Thirteen Women (1932)
Critics Consensus: No consensus yet.
Critics Consensus: No consensus yet.
User Ratings: 235
Movie InfoIn this suspenseful drama, an embittered woman exacts revenge upon the 12 women who wronged her in college. The trouble began when the woman, who was of Japanese and Indian heritage, was ejected from a college sorority because she wasn't white. Still angry, the woman hires an astrologer to create 12 terrifying horoscopes for each of the dastardly dozen. These grim predictions terrify the victims into doing dreadful things. One commits suicide, while another commits murder. More mayhem ensues until the astrologer makes some dire predictions about the vengeful woman herself. She doesn't like it, and using her psychic powers she forces him in front of an oncoming train. She then resumes her revenge by trying to poison the son of the remaining woman. This causes a police inspector to get suspicious, and he follow the murderous woman to the train station where she plans to kill the woman. A chase ensues culminating in the evil woman's demise. ~ Sandra Brennan, Rovi … More
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Critic Reviews for Thirteen Women
A rarely seen, undervalued and racially provocative semi-horror film that anticipates the 'body count' movies of future decades, this is a doozy and a knockout, with Myrna Loy at her sexiest and most exotic.
Audience Reviews for Thirteen Women
Silly junk, wildly dated that was one of Myrna's final villainess Eurasian roles. She looks great but is far better than the part deserves.
If you're someone who enjoys movies where women sit around and gossip and get divorces from their husbands, you'll like this movie, but if you're like me and want more from a movie look elsewhere. Overall, this movie is okay, but it's long and it gets annoying listening to the women gossip for scene after scene.
A young lady, described as 'half Hindu and half Chinese' but looks like neither, is made to feel unwelcome at her all-girl finishing school by her white classmates. Years later her classmates, through a series of chain-letters, send away to a 'swami' for their horoscopes. As fate would have it, the 'half-breed' girl now works for the swami and she devises a plan for revenge that involves hypnosis, the power of suggestion, and some poison chocolate.
Thirteen former sorority sisters start to receive, one by one, a horoscope prophesizing their doom from a renowned swami. When the prophecies begin to play out, the remaining few gather to fight their destiny. It turns out Myrna Loy attended their college but wasn't accepted into the sorority because she was a half-caste Hindu. It's Loy who is behind the letters, having influenced the swami with her mind powers, and she's out for bloody revenge on the girls who shunned her.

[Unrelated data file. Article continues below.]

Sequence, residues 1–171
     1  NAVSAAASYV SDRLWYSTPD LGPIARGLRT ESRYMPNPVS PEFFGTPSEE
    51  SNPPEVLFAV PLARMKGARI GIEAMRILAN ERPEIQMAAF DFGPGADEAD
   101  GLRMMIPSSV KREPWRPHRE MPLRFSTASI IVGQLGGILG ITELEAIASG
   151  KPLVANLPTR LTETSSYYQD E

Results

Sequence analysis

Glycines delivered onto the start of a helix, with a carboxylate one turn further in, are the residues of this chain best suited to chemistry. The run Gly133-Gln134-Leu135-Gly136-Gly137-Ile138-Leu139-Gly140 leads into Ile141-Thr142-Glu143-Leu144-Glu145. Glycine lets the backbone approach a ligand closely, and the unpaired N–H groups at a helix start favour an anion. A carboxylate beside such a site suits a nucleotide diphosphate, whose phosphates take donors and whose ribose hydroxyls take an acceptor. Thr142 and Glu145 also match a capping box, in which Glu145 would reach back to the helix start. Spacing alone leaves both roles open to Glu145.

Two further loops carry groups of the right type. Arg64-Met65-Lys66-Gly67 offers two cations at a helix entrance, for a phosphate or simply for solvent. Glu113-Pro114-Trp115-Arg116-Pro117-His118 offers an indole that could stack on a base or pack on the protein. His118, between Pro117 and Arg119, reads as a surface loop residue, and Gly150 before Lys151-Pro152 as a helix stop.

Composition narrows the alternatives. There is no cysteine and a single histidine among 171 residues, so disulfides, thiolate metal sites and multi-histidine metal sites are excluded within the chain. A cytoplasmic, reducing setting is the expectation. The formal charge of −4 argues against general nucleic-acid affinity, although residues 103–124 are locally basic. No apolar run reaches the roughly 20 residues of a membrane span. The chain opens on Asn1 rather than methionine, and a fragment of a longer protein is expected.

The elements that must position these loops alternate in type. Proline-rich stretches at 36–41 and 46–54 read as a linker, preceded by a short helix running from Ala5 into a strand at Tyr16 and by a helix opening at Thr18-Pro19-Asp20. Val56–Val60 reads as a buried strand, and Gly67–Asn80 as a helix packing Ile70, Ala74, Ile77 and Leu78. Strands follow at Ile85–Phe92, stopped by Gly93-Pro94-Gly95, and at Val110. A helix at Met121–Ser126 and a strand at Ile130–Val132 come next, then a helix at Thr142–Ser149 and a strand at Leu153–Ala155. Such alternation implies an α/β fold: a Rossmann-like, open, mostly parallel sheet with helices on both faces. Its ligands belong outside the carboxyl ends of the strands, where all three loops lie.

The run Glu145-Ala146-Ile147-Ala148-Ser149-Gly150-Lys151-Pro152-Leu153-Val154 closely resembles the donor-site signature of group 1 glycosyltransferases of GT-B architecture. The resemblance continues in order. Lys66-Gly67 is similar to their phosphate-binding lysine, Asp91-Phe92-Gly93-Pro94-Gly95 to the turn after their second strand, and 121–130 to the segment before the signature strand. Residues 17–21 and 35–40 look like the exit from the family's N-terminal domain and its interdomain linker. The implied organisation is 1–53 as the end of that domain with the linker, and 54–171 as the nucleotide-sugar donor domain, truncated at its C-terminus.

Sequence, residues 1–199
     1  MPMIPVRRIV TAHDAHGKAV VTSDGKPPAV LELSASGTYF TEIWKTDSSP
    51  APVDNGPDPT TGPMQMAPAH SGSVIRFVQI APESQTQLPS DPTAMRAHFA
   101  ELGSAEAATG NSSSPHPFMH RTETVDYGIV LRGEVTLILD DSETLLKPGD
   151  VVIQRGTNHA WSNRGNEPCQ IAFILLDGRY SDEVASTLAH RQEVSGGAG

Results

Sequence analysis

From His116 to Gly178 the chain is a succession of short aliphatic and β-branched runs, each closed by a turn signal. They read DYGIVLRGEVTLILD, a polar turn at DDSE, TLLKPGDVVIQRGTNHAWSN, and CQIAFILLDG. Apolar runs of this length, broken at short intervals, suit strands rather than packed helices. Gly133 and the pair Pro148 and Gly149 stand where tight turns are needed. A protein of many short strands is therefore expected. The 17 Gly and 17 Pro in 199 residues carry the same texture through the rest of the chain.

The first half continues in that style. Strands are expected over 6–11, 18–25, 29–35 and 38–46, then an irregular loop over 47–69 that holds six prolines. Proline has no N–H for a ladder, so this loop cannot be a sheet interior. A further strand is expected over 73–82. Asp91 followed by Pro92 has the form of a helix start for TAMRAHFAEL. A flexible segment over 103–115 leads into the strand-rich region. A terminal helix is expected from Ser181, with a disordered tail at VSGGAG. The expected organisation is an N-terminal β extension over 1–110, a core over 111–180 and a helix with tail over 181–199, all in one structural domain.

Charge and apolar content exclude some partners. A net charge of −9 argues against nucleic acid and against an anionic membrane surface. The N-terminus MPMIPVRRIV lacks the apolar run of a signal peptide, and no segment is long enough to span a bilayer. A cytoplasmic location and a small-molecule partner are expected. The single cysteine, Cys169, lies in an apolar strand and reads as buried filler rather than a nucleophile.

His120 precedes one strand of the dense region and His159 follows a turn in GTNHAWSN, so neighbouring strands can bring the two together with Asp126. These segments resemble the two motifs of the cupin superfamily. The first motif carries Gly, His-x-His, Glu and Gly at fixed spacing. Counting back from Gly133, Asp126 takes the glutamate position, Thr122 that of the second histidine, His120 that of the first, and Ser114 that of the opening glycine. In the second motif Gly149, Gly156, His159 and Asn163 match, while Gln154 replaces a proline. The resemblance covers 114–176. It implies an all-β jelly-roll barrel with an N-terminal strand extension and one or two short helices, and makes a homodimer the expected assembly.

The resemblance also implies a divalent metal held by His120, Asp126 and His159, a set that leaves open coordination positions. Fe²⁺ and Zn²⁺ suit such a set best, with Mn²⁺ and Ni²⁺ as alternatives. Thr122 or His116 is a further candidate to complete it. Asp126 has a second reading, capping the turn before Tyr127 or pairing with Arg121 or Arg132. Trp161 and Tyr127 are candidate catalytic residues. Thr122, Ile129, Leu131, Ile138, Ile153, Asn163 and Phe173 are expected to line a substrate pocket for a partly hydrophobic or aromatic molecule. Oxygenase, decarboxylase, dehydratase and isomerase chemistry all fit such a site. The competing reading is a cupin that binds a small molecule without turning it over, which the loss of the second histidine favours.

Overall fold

Sounds like the plot of an eighties slasher like "House On Sorority Row" right? Wrong, this was made in 1932, taking advantage of that small window before the Hays Code shut the party down. I can't say if the makers of the "Final Destination" series were influenced by this but the theme of trying to escape your fate is very similar. The opening scene involving a trapeze act feels like a thirties precursor to the set pieces of that franchise. There's an effective scene on a subway platform, Archainbaud ratcheting up the tension by exaggerating the sound of the station turnstiles.
Hollywood wasn't known for raising the issue of racism in the early thirties so the motives of Loy are quite a curiosity. Tellingly though she isn't portrayed with any of the sympathy such a character would evoke in a contemporary movie. Likewise the mention of a miscarriage feels pretty heavy compared to the general frothiness of thirties cinema. One of the women implies a promiscuous nature which will be a bit of a shock if you're not familiar with pre-code cinema.
Irene Dunne plays a single mother, trying to stop Loy from claiming the life of her son. How often do we see a single mother as the heroine of a movie now let alone back then? Male audiences may have found this early feminism uncomfortable. In his review at the time, New York Times critic Mordaunt Hall noted "an uncomfortable absence of hearty male chatter in this demoniacal intrigue".
Several characters meet their fate through suicide, a topic that immediately became taboo once the code was introduced. In possibly the first creepy offscreen coincidence surrounding the production of a horror movie, star Peg Entwistle ended her life on the day of the film's release. Dramatically, she threw herself from atop the letter H on the famous Hollywood sign.
It may be creaky even for it's era but it's a nice little curiosity piece and an interesting foreshadowing of the slashers that would appear almost half a century later.
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